Yes, I know what I promised you guys last week. And more information about logging is coming, but sometimes there are things that are more important. This is one of them.
I’ve spoken briefly about security advisories before. Well….Atlassian has just announced a Security Advisory for JIRA Service Desk, that affects both Server and Data Center versions. As such, I figured that was worth breaking into our regularly scheduled programming to discuss it in more detail.
So, what’s going on already?
Atlassian has released several patches that solve a significant vulnerability in JIRA Service Desk that can let people bypass authorization. For any service, this is not a great bug to have. I mean, they aren’t leaking credentials in clear text, but this is almost as bad.
HOWEVER, there are workarounds to mitigate this bug, as well as fixes released to resolve it entirely. I’ll be going through it in more detail, but to hear it straight from the horse’s mouth, here’s the link:
How do I know if my version of JIRA is affected?
First off, this bug only affects JIRA Service Desk. Which means if you are running JIRA Software or JIRA Core, You’re good. Also, if you are using Atlassian’s cloud offering, you are also good. This bug only impacts servers running JIRA Service Desk under their Server or Data Center offerings.
Furthermore, it doesn’t impact every version. Below I’ve listed out the Versions that are Affected:
Versions with Bug Present
- Any version before 3.9.17
- All of 3.10.x through 3.15.x
- 3.16.x before 3.16.10
- All of 4.0.x through 4.1.x
- 4.2.x before 4.2.6
- 4.3.x before 4.3.5
- 4.4.x before 4.4.3
If you are running any of the above versions, below are the versions of Service Desk where this is fixed. As always, I recommend you go with an Enterprise Release, which the latest one for Service Desk is Version 4.5.1
Versions where the Bug is fixed
So…exactly how worried should I be?
Well, that depends. Is you system exposed to the internet? You probably should be putting mitigations steps into place right now rather than reading this, honestly. No I mean it, close this window and go fix it now! I’ll be here when you return.
Even if you are not, It’s always shockingly easy to gain access to places people think are “secure”. That is to say you can’t always assume that just because you have a good firewall between your system and the internet, that someone can’t bypass that by just walking into your office and finding an unlocked computer. Looking at you Darren!
A good thing about this bug is that it has a work-around that you can put in place if you can’t upgrade right away. All you have to do is add the following bit to the file <jira-install-dir>/atlassian-jira/WEB-INF/urlrewrite.xml
<rule> <from>/servicedesk/.*\.jsp.*</from> <to type="temporary-redirect">/</to> </rule>
After you add the above rule to the file, be sure to restart JIRA so that the changes are picked up, and you are safe until your next upgrade…or vulnerability disclosure, whichever happens first.
Assuming you are not willing to mess with the Atlassian Install directory (I cannot blame you), you can also make some changes to your proxy or load balancer to mitigate the bug. However, this is only as secure as your users’ inability to bypass the proxy, so your mileage may vary.
Seriously though, you should upgrade sooner than later. Just saying.
Why should I care?
Unfortunately for us, black hat hackers and other ne’er-do-wells have figured out that enterprises love running Atlassian Applications. Which means they are now actively looking for vulnerabilities to use against these applications. Why develop a niche tool that will only work against a handful of targets when you can develop one that will work on just about every target?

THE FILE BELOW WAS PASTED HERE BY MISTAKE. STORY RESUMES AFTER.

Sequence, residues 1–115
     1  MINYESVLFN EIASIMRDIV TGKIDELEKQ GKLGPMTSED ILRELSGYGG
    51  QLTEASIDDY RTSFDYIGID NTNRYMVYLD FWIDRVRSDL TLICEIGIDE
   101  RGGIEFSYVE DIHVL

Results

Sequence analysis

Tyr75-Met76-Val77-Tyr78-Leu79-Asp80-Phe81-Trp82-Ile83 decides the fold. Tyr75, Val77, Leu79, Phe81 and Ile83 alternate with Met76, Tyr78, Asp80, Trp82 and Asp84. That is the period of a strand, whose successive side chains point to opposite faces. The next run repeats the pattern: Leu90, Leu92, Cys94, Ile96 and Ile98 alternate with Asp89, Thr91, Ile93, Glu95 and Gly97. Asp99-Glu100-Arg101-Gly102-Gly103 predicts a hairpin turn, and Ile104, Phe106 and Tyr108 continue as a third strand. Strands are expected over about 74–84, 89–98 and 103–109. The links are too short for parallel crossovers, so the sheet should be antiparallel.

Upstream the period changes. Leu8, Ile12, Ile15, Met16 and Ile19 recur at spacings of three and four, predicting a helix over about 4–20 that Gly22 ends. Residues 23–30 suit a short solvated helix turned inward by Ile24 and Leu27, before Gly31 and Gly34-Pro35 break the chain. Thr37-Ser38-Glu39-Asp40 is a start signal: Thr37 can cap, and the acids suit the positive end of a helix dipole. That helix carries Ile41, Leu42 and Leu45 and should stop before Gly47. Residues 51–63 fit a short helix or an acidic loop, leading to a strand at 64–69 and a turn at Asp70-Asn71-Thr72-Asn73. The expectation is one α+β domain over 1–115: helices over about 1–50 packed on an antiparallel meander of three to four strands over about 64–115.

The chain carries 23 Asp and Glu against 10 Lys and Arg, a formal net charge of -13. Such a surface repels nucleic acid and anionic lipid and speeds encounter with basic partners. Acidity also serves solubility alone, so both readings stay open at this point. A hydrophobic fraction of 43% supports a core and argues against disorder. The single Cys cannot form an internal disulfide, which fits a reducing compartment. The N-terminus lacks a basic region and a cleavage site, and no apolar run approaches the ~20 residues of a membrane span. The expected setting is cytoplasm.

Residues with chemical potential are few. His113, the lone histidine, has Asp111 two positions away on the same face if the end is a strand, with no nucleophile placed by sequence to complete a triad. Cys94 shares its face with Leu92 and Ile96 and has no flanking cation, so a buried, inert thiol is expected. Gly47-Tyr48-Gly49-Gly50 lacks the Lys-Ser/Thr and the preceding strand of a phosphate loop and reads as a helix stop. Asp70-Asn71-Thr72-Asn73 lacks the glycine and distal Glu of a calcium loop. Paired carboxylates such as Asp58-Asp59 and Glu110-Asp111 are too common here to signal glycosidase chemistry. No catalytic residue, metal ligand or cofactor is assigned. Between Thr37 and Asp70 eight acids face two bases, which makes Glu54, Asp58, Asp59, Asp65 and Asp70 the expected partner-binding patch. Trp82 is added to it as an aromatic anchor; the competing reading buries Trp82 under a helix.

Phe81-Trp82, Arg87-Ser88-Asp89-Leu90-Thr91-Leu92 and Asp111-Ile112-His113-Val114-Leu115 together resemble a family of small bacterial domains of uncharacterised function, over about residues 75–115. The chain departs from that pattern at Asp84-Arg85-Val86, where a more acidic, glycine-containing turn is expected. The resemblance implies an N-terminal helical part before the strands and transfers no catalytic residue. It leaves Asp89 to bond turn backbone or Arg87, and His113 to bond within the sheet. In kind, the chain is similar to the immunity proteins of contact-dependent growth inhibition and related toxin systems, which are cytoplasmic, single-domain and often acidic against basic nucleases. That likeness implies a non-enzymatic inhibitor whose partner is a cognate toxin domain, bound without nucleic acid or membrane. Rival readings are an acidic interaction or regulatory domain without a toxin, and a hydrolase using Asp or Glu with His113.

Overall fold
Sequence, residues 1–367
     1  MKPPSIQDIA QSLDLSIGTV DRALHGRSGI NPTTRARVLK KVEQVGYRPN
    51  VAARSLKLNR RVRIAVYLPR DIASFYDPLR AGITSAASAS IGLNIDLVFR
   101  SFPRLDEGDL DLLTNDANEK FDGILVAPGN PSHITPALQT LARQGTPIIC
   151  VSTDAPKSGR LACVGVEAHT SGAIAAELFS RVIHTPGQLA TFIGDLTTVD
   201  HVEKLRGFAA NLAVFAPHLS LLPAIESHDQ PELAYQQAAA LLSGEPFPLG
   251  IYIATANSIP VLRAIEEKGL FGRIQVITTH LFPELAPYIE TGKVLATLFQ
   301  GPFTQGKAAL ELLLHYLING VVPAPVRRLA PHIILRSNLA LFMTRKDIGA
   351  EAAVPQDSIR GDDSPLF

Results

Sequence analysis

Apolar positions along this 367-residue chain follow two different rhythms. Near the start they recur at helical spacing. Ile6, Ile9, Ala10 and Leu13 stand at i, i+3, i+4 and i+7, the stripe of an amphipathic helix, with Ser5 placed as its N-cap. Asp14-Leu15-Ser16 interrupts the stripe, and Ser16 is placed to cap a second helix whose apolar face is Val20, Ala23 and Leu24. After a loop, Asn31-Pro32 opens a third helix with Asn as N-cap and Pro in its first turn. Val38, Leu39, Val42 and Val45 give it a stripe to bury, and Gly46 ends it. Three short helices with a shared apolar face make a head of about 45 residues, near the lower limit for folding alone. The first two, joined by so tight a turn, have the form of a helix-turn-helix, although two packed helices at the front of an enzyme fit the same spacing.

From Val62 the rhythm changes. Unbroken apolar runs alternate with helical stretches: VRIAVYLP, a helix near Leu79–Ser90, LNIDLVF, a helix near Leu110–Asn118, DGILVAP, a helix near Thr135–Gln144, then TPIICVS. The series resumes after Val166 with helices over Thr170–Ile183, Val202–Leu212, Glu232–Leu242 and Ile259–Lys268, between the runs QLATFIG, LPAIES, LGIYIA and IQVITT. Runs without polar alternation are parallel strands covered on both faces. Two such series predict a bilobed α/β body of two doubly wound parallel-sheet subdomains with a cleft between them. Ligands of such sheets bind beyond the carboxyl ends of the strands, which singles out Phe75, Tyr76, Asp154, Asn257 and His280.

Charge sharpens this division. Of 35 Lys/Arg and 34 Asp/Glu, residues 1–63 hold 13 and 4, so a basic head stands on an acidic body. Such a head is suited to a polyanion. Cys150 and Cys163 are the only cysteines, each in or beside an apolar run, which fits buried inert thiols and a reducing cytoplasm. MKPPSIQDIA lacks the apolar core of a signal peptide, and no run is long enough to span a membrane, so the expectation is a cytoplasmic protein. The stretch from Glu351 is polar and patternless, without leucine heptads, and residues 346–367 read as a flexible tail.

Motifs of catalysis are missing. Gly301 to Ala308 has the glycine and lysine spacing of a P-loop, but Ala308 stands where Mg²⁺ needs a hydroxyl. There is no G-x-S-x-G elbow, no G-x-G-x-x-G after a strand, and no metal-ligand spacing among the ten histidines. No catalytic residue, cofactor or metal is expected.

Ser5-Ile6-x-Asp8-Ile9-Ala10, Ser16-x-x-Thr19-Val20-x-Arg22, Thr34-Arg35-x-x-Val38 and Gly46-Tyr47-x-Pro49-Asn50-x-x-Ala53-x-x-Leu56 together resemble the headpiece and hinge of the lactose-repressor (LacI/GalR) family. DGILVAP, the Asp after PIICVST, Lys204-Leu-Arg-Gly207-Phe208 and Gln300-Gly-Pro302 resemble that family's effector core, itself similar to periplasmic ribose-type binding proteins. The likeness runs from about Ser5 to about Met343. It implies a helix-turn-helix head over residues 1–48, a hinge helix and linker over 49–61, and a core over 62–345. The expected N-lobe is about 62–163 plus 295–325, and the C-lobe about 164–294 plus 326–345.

However, Atlassian’s Bug Bounty program means that the good guys are just as motivated to find these bugs and report them responsibly to Atlassian before the bad guys can find them.
But, that doesn’t mean you can slack off. People on both sides of ethical line are finding bugs, and even when a bug is found by the white hats, black hat hackers are still weaponizing them. If you’re lucky they are only installing a cryptocurrency miner on your system. You don’t want to be called in because the entire company was ransomware’d, with your system being patient zero.
Also, can ransomware be a verb? Oh well, it is now!
Well, that’s all for this week
I am actually delaying this post a bit so that I don’t disclose this before Atlassian does (Responsibility!), but I also want to bring your attention to something.
Atlassian opened up registration for Summit 2020. If you haven’t been to one before, I have one bit of advice. Do. It.
No, I’m serious! Beg your manager and their manager to have your company pay for it. If they won’t, take a vacation and pay for it yourself. It is ABSOLUTELY worth it. Between the Keynotes and talks, you will learn not only what the best practices are, but what’s coming down the pipeline. Last time I went, they announced native iOS and Android apps for the cloud versions. That was some exciting news to return to the office with.
You will also network with so many other people in the trenches just like you. Trust me, when you’re doing the day to day as the lone Atlassian Admin, it’s things like this that lets you know there are people who get it.
And don’t even get me started on Summit’s Bash. You’ll want to go 😉
For more details, here’s the link to the website:
Who knows, maybe you will even bump into me.
However, if you can’t go, don’t fret. Altassian has always been good about posting not only their keynotes, but all talks and presentations onto YouTube. I pretty much block off that week to catch up on everything when I can’t go, so you won’t miss anything critical.
So, until next week when we return to our look at Logging in JIRA, this is Rodney, asking “Have you updated your JIRA issues today?”